Te Mata Peak has been voted Hawke’s Bay’s best natural attraction in a new poll.
According to the unscientific poll on Hawke’s Bay Today’s website, 38 per cent of respondents believe Te Mata Peak is the best by far.
Second, with 26 per cent of the votes, was Cape Kidnappers, home of the largest, most accessible mainland colony of gannets in the world.
Lake Waikaremoana received 18 per cent of the votes, rounding out the top three.
Tukituki Valley, Shine Falls, Mangatutu Springs and the Eastern Ruahine Forest Park did not get past 10 per cent of the votes.
Tukituki Valley received 9 per cent, while 4 per cent of the respondents voted for Shine Falls and 3 per cent for Mangatutu Springs.
A minority of 2 per cent believe that the Eastern Ruahine Forest Park is Hawke’s Bay’s best natural attraction.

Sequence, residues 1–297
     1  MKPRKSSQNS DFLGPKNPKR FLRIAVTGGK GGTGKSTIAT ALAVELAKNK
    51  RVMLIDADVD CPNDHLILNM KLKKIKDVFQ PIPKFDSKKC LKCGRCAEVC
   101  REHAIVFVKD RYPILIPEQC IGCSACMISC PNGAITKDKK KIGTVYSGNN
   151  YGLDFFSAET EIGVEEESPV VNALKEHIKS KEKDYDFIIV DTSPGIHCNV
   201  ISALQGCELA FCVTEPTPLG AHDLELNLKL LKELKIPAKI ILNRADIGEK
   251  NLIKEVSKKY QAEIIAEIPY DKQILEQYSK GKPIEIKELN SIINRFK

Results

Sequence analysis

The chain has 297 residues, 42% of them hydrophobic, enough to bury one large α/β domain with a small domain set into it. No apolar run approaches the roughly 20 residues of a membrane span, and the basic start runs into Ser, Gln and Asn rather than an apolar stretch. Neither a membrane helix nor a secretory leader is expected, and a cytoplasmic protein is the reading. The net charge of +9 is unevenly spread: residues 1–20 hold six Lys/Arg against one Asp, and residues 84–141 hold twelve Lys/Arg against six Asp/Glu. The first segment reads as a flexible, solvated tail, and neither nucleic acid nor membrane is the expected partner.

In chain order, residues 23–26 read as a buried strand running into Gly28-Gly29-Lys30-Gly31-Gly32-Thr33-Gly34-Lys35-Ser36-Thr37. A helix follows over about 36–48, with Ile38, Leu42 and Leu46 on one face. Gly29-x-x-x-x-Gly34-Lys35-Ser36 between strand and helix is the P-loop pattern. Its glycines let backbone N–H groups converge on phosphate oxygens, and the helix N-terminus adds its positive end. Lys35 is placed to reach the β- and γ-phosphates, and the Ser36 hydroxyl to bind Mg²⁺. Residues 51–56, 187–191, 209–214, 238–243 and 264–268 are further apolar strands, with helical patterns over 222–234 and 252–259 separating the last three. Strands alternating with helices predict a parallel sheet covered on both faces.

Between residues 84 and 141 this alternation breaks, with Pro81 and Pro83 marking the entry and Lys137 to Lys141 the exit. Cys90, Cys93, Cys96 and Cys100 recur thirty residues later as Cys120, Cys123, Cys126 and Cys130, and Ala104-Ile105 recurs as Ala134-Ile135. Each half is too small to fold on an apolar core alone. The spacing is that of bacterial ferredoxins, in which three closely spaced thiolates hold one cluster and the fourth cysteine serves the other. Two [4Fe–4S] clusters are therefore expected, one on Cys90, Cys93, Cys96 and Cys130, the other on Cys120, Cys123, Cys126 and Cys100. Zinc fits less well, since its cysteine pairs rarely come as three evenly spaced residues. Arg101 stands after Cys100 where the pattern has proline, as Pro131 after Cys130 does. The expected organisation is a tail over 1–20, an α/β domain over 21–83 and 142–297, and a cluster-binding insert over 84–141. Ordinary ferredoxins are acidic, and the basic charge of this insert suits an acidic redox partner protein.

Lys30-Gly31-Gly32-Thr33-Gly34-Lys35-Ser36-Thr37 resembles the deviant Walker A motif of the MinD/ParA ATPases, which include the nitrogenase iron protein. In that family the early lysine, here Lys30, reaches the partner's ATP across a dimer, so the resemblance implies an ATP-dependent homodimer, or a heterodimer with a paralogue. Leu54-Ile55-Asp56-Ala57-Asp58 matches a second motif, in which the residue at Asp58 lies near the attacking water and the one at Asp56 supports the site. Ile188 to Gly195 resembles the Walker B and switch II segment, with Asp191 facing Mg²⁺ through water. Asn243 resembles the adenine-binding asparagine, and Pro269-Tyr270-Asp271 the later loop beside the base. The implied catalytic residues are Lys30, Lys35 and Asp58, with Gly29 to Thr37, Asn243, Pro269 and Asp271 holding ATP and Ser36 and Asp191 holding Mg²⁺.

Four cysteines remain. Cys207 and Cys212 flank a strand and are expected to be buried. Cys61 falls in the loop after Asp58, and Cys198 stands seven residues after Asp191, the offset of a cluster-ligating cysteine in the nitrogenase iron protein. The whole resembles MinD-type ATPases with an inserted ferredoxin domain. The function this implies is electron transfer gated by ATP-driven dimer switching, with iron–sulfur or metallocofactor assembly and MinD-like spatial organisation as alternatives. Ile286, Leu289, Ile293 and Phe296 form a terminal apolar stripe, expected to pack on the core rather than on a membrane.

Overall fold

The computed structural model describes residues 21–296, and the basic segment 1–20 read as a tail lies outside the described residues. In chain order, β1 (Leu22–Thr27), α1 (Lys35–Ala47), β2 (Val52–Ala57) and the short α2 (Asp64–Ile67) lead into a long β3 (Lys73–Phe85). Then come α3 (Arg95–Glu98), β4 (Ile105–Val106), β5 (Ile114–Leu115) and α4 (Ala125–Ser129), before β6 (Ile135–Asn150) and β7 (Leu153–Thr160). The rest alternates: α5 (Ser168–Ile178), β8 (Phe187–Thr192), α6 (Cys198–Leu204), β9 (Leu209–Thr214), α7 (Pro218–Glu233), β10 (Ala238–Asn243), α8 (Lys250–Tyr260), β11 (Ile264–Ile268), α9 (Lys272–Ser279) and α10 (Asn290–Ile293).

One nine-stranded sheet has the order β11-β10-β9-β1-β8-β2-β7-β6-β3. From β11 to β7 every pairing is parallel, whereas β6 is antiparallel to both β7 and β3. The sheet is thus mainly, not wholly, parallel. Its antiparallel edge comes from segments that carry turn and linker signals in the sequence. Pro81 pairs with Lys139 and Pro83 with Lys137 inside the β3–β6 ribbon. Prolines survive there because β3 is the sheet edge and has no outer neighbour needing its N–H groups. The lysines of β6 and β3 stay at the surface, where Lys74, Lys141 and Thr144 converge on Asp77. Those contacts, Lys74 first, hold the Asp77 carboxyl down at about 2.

In response to the poll, Te Mata Park Trust chairman Bruno Chambers said part of the reason the peak was so popular was because “the accessibility is a huge factor”, as well as the “vast terrain”. Te Mata Peak is “a great asset, which is available to everyone”.
“The open-face environment on our backdoor is a huge plus for the region,” Mr Chambers said.
The Te Mata Park Trust is in the progress of establishing a Visitor and Education Centre within the park, providing information on Te Mata Park’s geology, ecology, history and cultural significance.
Hawke’s Bay Tourism general manager Annie Dundas said: “We are lucky to have such a fantastic icon in the region.”
“There are a number of things to do,” she said.
Conducted in December on Hawke’s Bay Today’s website www.hbtoday.co.nz, this unscientific poll has a sample size of 300-350.
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